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CNBC's on-air laptops: When Macs aren't really Macs

Business Insider gets inside the CNBC studios and declares that presenters' laptops -- which look like Macs -- are actually dolled-up Dell Latitudes.

A MacBook isn't a MacBook when it's a Dell. Dell

I confess to not watching CNBC too often.

When the channel isn't presenting dour faces promising imminent immolation, it's showing over-excitable bald people telling you which stocks to buy. Well, screaming, actually. There is enough screaming in my life already.

However, this morning, there might be screaming of a different sort at CNBC, because the sleuths at Business Insider have revealed what they say is brand subterfuge. Or, if you like, insider faking.

Indeed, Business Insider insists that the shiny laptops placed before presenters -- which, for all the world, look like Macs -- are mere dolled-up Dells.

The Insiders, you see, managed to get around the desk after a show and discovered that the keyboards of these laptops did not reflect what you'd see on (an) Air.

For the bodies of the machines closely resemble those of Dell's Latitude 2120 Netbooks. Allegedly. And according to photos the site published.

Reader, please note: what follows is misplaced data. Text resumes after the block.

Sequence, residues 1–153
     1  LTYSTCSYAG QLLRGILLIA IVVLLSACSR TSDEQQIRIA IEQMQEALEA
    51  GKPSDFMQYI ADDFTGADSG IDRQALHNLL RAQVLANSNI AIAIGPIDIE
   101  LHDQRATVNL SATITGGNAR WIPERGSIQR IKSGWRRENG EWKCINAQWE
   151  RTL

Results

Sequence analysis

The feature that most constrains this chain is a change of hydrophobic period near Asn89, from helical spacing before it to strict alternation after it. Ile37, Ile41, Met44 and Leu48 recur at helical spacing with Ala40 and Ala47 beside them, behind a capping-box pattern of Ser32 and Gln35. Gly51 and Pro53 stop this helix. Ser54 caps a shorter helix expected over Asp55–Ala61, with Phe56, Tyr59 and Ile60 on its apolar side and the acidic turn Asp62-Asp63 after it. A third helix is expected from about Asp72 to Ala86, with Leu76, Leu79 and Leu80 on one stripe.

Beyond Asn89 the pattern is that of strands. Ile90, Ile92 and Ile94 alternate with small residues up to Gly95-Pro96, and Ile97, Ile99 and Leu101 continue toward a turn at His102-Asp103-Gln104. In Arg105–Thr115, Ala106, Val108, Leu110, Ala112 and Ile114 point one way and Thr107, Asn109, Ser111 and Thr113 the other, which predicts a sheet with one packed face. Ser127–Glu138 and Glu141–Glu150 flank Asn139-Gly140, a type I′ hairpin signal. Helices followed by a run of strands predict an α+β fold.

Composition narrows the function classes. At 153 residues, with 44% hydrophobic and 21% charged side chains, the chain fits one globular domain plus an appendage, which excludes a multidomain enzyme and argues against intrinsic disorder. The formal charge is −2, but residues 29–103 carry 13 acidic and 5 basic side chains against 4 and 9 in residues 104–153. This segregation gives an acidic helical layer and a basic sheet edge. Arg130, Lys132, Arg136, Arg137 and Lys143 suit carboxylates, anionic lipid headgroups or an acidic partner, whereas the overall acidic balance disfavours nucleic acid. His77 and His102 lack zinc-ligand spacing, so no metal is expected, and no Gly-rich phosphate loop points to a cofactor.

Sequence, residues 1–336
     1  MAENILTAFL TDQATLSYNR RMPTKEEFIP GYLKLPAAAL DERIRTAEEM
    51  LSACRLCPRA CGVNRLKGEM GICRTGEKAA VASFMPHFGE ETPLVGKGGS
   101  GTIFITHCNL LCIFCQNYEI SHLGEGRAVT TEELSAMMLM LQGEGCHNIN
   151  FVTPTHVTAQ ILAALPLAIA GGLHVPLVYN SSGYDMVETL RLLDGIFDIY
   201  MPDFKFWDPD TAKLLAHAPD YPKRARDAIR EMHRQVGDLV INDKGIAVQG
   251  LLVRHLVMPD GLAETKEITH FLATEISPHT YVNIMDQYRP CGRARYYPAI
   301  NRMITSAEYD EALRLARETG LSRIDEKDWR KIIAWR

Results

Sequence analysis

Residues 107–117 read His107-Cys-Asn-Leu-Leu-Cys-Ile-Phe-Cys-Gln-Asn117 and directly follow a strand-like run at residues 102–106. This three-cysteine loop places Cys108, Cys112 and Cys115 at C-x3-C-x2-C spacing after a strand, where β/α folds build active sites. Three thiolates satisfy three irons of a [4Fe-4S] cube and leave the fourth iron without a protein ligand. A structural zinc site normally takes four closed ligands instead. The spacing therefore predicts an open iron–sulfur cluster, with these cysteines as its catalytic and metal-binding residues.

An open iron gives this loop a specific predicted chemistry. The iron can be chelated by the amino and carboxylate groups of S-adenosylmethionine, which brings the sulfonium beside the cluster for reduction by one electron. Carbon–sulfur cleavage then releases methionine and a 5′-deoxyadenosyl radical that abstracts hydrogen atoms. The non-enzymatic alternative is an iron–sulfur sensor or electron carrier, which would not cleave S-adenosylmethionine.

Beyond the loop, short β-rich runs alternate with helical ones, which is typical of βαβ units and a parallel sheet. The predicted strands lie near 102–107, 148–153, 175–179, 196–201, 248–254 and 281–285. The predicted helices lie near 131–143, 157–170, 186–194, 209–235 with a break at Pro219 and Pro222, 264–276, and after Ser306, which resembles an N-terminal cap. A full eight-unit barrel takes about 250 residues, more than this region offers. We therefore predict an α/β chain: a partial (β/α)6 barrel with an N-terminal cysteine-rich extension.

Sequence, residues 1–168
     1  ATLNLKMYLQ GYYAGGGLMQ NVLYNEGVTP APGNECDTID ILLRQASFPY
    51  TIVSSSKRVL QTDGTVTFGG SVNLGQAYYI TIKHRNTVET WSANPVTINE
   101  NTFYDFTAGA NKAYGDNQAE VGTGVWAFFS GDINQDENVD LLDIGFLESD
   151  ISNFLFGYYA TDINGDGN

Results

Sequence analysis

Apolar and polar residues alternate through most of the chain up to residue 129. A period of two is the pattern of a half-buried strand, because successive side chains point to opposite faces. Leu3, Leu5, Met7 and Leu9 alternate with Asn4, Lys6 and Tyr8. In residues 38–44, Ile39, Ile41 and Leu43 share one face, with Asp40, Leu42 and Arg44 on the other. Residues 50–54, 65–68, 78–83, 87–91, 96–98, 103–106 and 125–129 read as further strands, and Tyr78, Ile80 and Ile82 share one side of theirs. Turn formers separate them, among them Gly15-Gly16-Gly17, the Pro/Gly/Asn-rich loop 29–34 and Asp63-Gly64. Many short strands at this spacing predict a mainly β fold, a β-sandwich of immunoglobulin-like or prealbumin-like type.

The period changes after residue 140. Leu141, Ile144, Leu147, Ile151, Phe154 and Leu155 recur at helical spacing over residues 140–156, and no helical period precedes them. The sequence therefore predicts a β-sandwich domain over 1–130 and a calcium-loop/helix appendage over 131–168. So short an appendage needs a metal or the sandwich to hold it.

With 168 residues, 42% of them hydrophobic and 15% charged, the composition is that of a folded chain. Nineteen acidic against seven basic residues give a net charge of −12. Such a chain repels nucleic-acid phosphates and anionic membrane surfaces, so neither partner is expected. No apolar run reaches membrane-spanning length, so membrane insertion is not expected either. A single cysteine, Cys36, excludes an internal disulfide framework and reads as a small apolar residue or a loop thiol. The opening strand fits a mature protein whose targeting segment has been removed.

As Business Insider's Jim Edwards explained: "They look like MacBooks because CNBC has disguised them by adding gray lids, along with some CNBC branding where the Apple logo might have been."

Who could believe that anything related to money and stocks would possibly involve simulation?

Being of kind mind, I would like to give CNBC some latitude here. The channel isn't telling anyone that these are MacBooks. It's merely suggesting a certain sleekness that's associated with Apple. The producers obviously feel that the opinions offered on their shows would be less persuasive if they were seen to be delivered over the front of some $600 machine.

So they gussy up a Dell in order to project the sophisticated air of, well, Adele.

Every stock needs marketing, doesn't it? Yes, even your own.